The amount of progress made in Afghanistan after 13 years of war is still up for debate.
(Certainly the reports out of the Special Inspector General of Afghanistan Reconstruction have only gotten more shrill as exodus approaches.)
Nonetheless, the disappearances, beatings, and downright murders that remain unsolved in one special forces team’s area of operations threaten whatever progress has been made.
Matthieu Aikins recently wrote a piece that sheds the most light on the potential war crimes of the Army’s shamed efforts in Warduk province.
The exact culprit or culprits responsible may not yet be settled upon, but Aiken has taken an unsolved mystery and at the very least explained it well.
[S]ix months after its arrival, the team would be forced out of Nerkh by the Afghan government, amid allegations of torture and murder against the local populace.
If true, these accusations would amount to some of the gravest war crimes perpetrated by American forces since 2001. By February 2013, the locals claimed 10 civilians had been taken by U.S. Special Forces and had subsequently disappeared, while another eight had been killed by the team during their operations.
Aikin’s whole post is worth reading, but there’s one paragraph worth taking a second look at, with respect to the geopolitical effects that have reverberated out of Warduk.
Officials at the American-led International Security Assistance Force, or ISAF, categorically denied these allegations, which came at an extremely delicate moment — as Afghan President Hamid Karzai and the American government were locked in still-unresolved negotiations over the future of American forces in Afghanistan. The sticking point has been the U.S.’s demand for continued legal immunity for its troops, which Karzai is reluctant to grant. Privately, some American officials have begun to grumble about a “zero option” — where, as in Iraq, the U.S. would rather withdraw all its forces than subject them to local law — but both sides understand that such an action could be suicidal for the beleaguered Afghan government and devastating for American power in the region.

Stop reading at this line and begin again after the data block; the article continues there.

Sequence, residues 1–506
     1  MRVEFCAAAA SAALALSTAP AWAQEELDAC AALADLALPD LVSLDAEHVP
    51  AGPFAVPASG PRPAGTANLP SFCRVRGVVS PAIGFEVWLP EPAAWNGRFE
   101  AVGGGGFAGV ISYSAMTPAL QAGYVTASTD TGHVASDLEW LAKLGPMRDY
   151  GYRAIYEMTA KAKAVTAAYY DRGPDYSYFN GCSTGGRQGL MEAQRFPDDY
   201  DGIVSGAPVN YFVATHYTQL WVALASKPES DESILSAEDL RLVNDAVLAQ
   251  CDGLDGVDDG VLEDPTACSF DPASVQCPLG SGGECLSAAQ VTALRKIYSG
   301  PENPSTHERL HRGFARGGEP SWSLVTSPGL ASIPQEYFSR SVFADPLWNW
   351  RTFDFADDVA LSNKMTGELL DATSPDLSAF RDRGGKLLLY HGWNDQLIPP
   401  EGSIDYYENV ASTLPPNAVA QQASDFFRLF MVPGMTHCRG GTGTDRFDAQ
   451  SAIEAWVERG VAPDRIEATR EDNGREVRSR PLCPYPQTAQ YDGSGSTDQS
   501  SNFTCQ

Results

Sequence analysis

The ‘zero option,’ or leaving zero coalition troops in Afghanistan by the middle of next year, would result in a disastrous vacuum — one Afghans and military officials told me would either be filled by a competition between Pakistan and Iran, or that of China and Russia.
The Taliban — already playing a role in peace talks — would likely see its stake in the government expand, while that of Karzai’s successor wilted (if not disappeared altogether, as in the 90s).
So while there’s general agreement Washington’s direction will avoid any expansion of operations, the U.S. also has a tangible interest in maintaining some level of influence over Kabul post-2014 pull out.
One needs only look at the pre-civil war Iraq, increasingly warm to Iran and Russia, to see the potential results of sudden vacancy.
Remember: the same Status of Forces agreement was at stake in Baghdad a few years ago, and it was the same unchecked misbehavior and lack of oversight which put the kibosh on Obama’s intent to maintain troop levels into 2012.
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